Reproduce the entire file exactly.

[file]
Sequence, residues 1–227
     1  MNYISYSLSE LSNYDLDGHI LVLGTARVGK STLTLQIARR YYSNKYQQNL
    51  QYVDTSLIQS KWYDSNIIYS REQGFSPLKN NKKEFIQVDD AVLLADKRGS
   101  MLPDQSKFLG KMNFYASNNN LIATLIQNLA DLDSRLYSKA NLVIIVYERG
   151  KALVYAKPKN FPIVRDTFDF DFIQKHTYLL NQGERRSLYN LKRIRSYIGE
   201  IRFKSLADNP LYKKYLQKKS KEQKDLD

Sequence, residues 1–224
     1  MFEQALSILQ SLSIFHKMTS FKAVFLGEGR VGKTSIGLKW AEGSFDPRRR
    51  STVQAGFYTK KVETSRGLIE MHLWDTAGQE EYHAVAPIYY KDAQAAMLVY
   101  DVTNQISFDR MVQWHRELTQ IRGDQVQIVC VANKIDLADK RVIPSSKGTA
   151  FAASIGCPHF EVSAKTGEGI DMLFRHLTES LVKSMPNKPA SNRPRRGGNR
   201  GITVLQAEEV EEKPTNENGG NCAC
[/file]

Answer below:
Sequence, residues 1–227
     1  MNYISYSLSE LSNYDLDGHI LVLGTARVGK STLTLQIARR YYSNKYQQNL
    51  QYVDTSLIQS KWYDSNIIYS REQGFSPLKN NKKEFIQVDD AVLLADKRGS
   101  MLPDQSKFLG KMNFYASNNN LIATLIQNLA DLDSRLYSKA NLVIIVYERG
   151  KALVYAKPKN FPIVRDTFDF DFIQKHTYLL NQGERRSLYN LKRIRSYIGE
   201  IRFKSLADNP LYKKYLQKKS KEQKDLD

Sequence, residues 1–224
     1  MFEQALSILQ SLSIFHKMTS FKAVFLGEGR VGKTSIGLKW AEGSFDPRRR
    51  STVQAGFYTK KVETSRGLIE MHLWDTAGQE EYHAVAPIYY KDAQAAMLVY
   101  DVTNQISFDR MVQWHRELTQ IRGDQVQIVC VANKIDLADK RVIPSSKGTA
   151  FAASIGCPHF EVSAKTGEGI DMLFRHLTES LVKSMPNKPA SNRPRRGGNR
   201  GITVLQAEEV EEKPTNENGG NCAC